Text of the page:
The Royal Society for the Protection of Birds yesterday [Apr.3] called on the British government to do more to save the exotic species of bird found on UK overseas territories including Bermuda, many of which are now close to extinction.
In a report to the government, the RSPB warns that 33 species of birds, including penguins, parrots and albatrosses, are now critically endangered across the remnants of the former British Empire.
“Our overseas territories hold more threatened bird species than the entire continent of Europe,” said RSPB official Graham Madge. “Yet only £1.4 million a year is spent by the government protecting the habitats that provide homes for these endangered creatures. We need to spend 10 times that amount to save them.”
For the first time since its rediscovery in 1951, the population of Bermuda’s National Bird — the critically endangered Cahow — passed the landmark number of 101 nesting pairs, the Department of Conservation announced recently.
Abundant when Bermuda was first discovered, the ground burrowing Cahow was quickly decimated by introduced predators such as rats, pigs, dogs and cats, and hunting by the early settlers.
First Cahow chick of 2012
The Cahow soon disappeared from the historic records and it was thought to have become extinct. In 1951 the Cahow was miraculously rediscovered on several small rocky islets but the entire population consisted of only 18 nesting pairs, with the entire population only producing 7 to 8 chicks annually.
For the last 50 years the Cahow Recovery Program has been one of Bermuda’s priority protected species projects. Now managed by the Terrestrial Conservation Section of the Department of Conservation Services the team works hard to control predators, build artificial nest burrows, and carry out research to better understand the Cahow and enable it to recover.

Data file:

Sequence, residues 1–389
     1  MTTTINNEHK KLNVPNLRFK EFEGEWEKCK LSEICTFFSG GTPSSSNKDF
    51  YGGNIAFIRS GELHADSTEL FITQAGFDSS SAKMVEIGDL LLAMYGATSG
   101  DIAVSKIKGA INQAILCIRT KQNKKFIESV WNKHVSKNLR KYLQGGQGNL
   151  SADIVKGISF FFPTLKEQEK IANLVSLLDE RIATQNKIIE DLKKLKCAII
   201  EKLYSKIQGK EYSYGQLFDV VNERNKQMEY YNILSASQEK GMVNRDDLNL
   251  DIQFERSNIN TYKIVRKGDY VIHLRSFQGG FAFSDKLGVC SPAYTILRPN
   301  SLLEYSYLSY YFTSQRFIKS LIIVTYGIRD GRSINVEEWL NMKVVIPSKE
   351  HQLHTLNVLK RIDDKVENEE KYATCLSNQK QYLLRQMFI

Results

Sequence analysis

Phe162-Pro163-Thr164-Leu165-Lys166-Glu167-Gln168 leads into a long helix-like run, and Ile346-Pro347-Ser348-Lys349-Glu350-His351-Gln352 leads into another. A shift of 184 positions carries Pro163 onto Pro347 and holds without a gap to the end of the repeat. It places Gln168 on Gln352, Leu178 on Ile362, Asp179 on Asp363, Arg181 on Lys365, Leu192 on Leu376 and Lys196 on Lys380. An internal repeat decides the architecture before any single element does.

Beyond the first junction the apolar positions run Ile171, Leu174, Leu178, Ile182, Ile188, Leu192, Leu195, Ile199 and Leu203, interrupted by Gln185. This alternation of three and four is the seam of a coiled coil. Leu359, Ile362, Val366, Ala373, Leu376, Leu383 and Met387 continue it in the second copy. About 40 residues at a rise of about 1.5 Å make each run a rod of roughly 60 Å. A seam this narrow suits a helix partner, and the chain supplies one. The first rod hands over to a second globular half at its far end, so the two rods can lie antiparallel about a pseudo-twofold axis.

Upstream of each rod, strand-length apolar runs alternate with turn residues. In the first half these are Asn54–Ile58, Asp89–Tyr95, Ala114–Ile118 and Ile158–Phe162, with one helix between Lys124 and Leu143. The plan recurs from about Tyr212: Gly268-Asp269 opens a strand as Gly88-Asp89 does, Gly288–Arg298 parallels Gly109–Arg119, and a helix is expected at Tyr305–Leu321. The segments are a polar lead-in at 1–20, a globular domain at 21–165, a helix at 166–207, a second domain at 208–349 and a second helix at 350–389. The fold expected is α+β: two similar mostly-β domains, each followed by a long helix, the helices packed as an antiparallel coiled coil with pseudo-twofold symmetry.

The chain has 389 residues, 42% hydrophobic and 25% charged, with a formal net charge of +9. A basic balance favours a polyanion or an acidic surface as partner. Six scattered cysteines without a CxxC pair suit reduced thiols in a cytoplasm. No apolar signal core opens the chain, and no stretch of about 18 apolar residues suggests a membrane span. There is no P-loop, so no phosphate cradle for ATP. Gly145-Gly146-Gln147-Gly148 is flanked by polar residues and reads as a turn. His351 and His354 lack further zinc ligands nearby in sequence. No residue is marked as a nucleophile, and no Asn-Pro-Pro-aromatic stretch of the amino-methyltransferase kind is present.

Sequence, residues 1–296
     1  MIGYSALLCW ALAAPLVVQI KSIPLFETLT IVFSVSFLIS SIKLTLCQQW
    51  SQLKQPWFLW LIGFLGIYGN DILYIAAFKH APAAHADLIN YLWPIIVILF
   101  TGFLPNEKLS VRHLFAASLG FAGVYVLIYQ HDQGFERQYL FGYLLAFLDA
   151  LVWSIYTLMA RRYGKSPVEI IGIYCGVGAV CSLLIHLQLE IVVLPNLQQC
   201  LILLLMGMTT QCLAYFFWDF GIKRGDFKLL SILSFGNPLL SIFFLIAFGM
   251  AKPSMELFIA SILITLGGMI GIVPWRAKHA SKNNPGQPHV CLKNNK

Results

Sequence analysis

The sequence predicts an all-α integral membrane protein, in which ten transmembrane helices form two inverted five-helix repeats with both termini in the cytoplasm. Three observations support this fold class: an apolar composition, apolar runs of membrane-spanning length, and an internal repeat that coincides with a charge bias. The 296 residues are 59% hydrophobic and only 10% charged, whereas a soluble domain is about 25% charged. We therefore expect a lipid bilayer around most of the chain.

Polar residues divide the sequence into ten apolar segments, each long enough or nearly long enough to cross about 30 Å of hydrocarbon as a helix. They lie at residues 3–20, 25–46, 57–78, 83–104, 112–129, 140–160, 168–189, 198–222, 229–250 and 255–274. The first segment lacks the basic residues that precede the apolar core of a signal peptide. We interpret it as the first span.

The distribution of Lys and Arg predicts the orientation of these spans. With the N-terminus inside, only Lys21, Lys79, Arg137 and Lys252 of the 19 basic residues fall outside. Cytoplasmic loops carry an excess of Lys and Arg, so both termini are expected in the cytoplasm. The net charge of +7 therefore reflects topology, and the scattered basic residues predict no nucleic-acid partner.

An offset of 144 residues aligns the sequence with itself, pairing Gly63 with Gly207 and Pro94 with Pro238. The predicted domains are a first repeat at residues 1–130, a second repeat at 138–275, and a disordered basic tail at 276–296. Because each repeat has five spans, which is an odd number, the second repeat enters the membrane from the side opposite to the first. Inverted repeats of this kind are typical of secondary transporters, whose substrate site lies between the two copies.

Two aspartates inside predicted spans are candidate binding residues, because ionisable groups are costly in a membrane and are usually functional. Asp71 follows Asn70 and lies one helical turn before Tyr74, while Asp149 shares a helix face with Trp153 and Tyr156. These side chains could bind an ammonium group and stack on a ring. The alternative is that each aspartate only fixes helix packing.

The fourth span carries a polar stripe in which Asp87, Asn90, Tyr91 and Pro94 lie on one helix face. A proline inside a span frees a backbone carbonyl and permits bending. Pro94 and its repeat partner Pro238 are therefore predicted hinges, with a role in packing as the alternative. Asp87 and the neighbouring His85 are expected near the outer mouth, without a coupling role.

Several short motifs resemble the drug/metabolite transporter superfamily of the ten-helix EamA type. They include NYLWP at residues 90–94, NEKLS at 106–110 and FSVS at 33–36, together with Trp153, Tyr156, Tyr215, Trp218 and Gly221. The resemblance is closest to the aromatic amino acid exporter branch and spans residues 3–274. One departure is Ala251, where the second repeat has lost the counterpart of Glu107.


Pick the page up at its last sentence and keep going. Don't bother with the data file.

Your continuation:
The society’s report is part of a series of submissions to the UK Foreign Office, which is preparing a white paper on Britain’s strategy regarding its 14 overseas territories, including Bermuda, Montserrat, the Falklands, Tristan da Cunha and the atolls of the British Indian Ocean Territories, as well as Gibraltar and a sizeable area of the Antarctic.
The white paper will propose economic and political changes in policies for running these areas, and will outline ways to use them more actively to bolster Britain’s defences.
The key concern for environmental charities like the RSPB is the need to improve care of the alarming number of threatened and endangered animals now found in these territories. “The overseas territories hold 85 per cent of the threatened biodiversity for which the UK is responsible,” said Jonathan Glenn-Hall of the RSPB. A typical example is the Tristan Albatross, which breeds almost exclusively on Gough Island, part of the Tristan da Cunha archipelago.
The albatross’s numbers have been destroyed by invasive species brought to the island, in particular, rats, cats and pigs which all eat albatross chicks. The invaders were eradicated several years ago in a campaign that only triggered a new threat to the Tristan Albatross: mice. Without predators, mice on Gough Island have thrived and now grow to three times their normal mainland size. They burrow into the flesh of nesting chicks so that the birds bleed to death, and only then do the mice eat them. About 1,000 Tristan Albatross chicks are thought to be killed in this way every year. One recent survey has shown that in 2008, the number of Tristan Albatross chicks that managed to fledge was five times lower than normal.